In last week’s article, we learned to shift our thoughts about pricing models.

We learned that pricing defines audience more than anything else. Ticket price and ticket sales are not as rigid or related as we think. A certain flexibility exists.

We learned that trust, value, and price are the important considerations in a ticket buying decision. If delivering trust and value well, then the price is not much of a concern for buyers. Focus on creating an outstanding experience rather than dropping the price.

We learned the important factors to our revenue are exposure, conversion rate, and price. Our limitations are the people that know about our event. Focus marketing to those that directly benefit from our event and conversion rates will increase.

A scarcity model leads to price dropping. A better model is one of endless customers. This model frees one to focus on marketing and providing value.

Finally, we learned to use a data-driven tool we call the sales curve. Today we bring the models and the sales curve together in a dynamic pricing model.


There are many different forms of a dynamic pricing. They work best when something is in demand – earth shattering I know. For example certain sports teams – opposing the local team – are in more demand than others. Certain concert seats are in more demand than general seating. Hotels and airlines see demand as the date nears or availability decreases.

Most likely your demand is time-based and experience shows a spike as we near the date. This is why sales curve data is so critical and such a powerful tool.

Pic 1 - Dynamic Pricing Curve


Experience reveals two main complaints related to dynamic pricing. First, it pisses customers off when the pricing models are not transparent. Early birds want to plan.

Second, you will receive complaints when someone misses a threshold by a short period of time. Solve both of these complaints with transparency.

Plan your project well to balance price freedom with transparency. Customer expectations are important.

Reserve the freedom to increase pricing as demand dictates. Announce clearly when pricing will increase, but balance this by not revealing how much.

Collision Las Vegas increases pricing each Thursday but does not state how far they increase in price.

Pic 2 - Collision-Las-Vegas

Another technique extend cut off dates. Note, you can extend dates and maintain trust, but do not curtail them.

Guarantee early bird pricing until a certain date. But balance this by reserving the right to extend early bird pricing. We can see evidence of this method with the Indy Big Data. They had an early bird deadline of April 1, 2015.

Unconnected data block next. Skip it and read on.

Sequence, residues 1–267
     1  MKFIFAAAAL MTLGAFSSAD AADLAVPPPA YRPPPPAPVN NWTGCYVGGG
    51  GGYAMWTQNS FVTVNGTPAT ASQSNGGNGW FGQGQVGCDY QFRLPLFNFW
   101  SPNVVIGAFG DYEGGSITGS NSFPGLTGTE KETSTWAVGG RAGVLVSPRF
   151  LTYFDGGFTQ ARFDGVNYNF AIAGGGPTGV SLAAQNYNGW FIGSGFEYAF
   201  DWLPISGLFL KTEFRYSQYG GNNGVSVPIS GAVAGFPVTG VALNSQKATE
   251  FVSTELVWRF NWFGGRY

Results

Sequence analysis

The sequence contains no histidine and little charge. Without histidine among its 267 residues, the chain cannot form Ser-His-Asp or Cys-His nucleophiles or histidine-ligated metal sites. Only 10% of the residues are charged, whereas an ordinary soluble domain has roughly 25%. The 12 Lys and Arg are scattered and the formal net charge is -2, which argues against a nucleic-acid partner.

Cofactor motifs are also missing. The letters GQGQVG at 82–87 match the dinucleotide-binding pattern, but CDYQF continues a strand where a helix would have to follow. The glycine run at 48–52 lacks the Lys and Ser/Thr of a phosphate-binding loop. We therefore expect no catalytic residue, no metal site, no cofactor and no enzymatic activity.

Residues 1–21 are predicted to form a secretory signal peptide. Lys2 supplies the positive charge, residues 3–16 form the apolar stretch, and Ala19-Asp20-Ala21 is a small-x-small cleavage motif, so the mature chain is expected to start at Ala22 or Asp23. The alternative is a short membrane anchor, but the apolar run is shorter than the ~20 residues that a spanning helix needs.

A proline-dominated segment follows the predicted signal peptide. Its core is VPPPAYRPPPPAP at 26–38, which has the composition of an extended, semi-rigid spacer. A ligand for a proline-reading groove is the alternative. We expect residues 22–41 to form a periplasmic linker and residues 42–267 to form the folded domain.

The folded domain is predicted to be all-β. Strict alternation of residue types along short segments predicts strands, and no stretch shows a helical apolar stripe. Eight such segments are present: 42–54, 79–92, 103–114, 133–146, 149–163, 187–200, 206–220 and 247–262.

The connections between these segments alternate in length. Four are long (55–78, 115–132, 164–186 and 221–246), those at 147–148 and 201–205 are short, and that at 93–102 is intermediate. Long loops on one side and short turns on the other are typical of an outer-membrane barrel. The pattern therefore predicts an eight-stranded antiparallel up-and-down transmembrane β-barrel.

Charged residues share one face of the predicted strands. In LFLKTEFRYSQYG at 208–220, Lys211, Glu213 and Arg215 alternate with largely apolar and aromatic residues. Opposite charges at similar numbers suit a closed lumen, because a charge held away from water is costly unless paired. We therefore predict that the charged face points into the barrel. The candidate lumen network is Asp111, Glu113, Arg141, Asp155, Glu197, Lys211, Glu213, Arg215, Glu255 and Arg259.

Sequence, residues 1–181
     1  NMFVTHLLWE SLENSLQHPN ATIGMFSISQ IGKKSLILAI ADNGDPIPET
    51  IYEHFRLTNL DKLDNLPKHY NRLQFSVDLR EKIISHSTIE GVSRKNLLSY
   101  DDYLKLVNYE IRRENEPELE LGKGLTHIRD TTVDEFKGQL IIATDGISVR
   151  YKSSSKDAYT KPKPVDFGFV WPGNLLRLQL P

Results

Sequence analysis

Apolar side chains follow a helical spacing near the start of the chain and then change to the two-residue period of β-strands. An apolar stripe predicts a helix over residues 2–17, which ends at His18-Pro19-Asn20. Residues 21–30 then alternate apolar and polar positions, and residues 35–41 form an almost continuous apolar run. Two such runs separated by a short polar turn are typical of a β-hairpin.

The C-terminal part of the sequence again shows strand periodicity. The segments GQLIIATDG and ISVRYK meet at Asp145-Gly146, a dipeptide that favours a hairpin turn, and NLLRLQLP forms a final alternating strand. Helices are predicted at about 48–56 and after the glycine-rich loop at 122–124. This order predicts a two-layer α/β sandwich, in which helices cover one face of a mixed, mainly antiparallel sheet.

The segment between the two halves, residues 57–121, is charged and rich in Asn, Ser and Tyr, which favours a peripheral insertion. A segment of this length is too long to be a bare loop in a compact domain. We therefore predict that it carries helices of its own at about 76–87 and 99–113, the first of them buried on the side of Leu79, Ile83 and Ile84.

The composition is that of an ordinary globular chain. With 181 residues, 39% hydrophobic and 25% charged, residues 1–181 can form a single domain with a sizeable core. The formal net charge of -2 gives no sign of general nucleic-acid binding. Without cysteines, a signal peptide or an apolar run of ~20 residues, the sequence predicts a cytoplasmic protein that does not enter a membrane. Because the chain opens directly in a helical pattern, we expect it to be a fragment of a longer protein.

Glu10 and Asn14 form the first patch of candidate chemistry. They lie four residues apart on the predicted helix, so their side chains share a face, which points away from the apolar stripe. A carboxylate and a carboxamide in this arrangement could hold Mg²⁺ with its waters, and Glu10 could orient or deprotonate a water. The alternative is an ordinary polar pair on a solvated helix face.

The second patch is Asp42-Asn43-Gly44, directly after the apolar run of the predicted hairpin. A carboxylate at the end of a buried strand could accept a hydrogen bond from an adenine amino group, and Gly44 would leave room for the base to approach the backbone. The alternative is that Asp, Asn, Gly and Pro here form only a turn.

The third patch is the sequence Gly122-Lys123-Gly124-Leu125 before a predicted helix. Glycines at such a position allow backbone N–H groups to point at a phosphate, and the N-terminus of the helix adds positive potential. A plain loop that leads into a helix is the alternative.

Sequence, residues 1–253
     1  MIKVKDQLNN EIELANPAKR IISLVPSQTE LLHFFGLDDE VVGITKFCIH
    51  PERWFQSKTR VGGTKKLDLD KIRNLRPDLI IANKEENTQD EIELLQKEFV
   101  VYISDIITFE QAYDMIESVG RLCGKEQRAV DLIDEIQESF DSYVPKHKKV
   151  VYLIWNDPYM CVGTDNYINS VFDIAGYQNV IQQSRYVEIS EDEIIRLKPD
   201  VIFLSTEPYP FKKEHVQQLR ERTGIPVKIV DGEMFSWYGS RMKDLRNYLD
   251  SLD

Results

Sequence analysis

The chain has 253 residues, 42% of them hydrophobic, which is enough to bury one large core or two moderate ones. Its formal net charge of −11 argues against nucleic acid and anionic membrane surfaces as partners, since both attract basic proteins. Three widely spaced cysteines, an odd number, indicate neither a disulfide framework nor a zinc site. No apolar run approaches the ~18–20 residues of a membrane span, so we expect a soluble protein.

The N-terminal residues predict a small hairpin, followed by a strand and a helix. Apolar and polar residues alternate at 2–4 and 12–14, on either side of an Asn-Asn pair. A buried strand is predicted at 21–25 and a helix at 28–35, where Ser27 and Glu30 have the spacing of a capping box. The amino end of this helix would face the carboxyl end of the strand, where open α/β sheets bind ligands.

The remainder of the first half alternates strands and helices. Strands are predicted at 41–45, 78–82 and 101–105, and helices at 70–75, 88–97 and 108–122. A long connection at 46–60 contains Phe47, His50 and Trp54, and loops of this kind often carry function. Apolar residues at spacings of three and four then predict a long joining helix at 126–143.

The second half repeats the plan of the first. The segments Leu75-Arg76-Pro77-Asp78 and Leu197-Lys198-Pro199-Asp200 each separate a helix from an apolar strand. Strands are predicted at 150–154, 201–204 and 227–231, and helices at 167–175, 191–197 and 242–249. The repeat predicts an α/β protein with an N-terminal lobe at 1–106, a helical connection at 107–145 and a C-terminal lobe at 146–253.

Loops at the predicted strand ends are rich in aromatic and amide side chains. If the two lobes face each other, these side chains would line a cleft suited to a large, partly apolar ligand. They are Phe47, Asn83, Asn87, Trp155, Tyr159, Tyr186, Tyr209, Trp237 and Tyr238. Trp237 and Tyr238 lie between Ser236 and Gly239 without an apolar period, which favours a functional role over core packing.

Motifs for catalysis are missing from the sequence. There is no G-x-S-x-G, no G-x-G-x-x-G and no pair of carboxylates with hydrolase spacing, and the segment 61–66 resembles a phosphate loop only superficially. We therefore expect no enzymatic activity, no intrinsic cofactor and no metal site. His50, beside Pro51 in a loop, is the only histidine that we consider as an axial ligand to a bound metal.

Pic 3 - Indy Big Data April 1

Guess what event is a little behind their expected sales curve. We can see they extended the early bird deadline to May 6.

Pic 4 - Indy-Big-Data-May-6

I like that they have not decreased pricing. I like that they have been transparent. Trust is obviously important to Indy Big Data.


Now you understand how to balance trust with pricing freedom. Choose the model that you think will work best for your event. I start most organizations with the following simple model:

-Use a three-tier model of Early Bird, Regular Rate, Late Booker.
-Benchmark your event against your competitors and set your Regular Rate. Display the Regular Rate next to the Early Bird rate.
-Set the Early Bird as ~80% of the Regular Rate and guarantee it for a set date. This isn’t about revenue yet. The Early Bird tier gives data to see where we are on the sales curve. Reserve the right to extend this tier in case we priced the Regular Rate too high.
-Display a Late Booker tier. Don’t announce how much or when, reserve freedom for revenue optimization. This tier will bring the more revenue if demand is there. Don’t be afraid to get aggressive.


Don’t underestimate the effort required to manage a dynamic pricing model. A warning, all involved will have strong opinions.

Take a page out of the project managers book and plan this ahead of time. Project managers know to get as much of this out of the way beforehand. This will leave you free to deal with unforeseen problems that always arise.

Be smart. Don’t assume dropping the price will fix a bad sales cycle. We have learned to protect pricing at all costs. Focus on marketing and, if anything, extend early bird pricing.

Conversely, it’s nice to sell out an event 30 days in advance. But, do realize this is a lost opportunity. Knowing the dramatic demand increases in the last 25% of the sales cycle indicates pricing was too low.

Increase pricing into demand if you are above expectations. This often happens in the last part of the sales cycle. Extend time thresholds and increase marketing if you are below expectations. This often happens at the beginning of the sales cycle.

Be sure to involve your team. This is often done with a quick round table meeting. Keep this simple and bring this list to the table. Be sure to be specific on the actions taken. Leave little open to interpretation and use the sales curve.

Pic 5 - Problems-and-Actions


Understanding the principles we’ve outlined, most of your effort should go into improving value. An increase in value will attack far more people. Once you are confident in the quality of your event it is time to optimize.

Comparing a traditional pricing model and dynamic models is tough. If your metric is whether we made more money or not then you’re doing it wrong. There is no way to split test this stuff.

You should now realize the advantage of a dynamic system is a better relation to demand. You can increase revenue by 10-25%. You are unlikely to double revenue. But, you will be far more in tune with the market.

Colm shares his years of experience marketing events on our blog, writing about successful strategies to bring more people to your events. Colm is a product manager at Crowdflow, responsible for client success.